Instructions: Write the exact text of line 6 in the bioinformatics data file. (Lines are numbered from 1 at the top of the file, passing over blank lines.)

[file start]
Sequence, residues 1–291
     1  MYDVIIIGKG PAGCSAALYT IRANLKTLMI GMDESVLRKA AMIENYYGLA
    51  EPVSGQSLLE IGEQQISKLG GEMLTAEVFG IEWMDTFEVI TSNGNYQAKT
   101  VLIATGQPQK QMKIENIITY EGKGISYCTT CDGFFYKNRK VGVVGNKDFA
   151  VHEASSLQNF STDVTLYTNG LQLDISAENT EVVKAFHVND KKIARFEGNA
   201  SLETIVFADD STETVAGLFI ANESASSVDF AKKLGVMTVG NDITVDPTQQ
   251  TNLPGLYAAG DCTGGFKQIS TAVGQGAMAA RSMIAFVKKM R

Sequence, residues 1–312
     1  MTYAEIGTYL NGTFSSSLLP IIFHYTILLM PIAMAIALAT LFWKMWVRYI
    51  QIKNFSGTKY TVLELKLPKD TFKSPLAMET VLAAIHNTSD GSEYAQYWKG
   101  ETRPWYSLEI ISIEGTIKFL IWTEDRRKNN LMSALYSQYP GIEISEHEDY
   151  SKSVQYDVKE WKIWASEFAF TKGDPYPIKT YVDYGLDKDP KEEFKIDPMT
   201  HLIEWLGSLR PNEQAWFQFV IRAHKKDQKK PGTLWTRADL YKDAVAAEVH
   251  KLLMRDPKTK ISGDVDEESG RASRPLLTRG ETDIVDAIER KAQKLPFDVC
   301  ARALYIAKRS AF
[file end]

   201  SLETIVFADD STETVAGLFI ANESASSVDF AKKLGVMTVG NDITVDPTQQ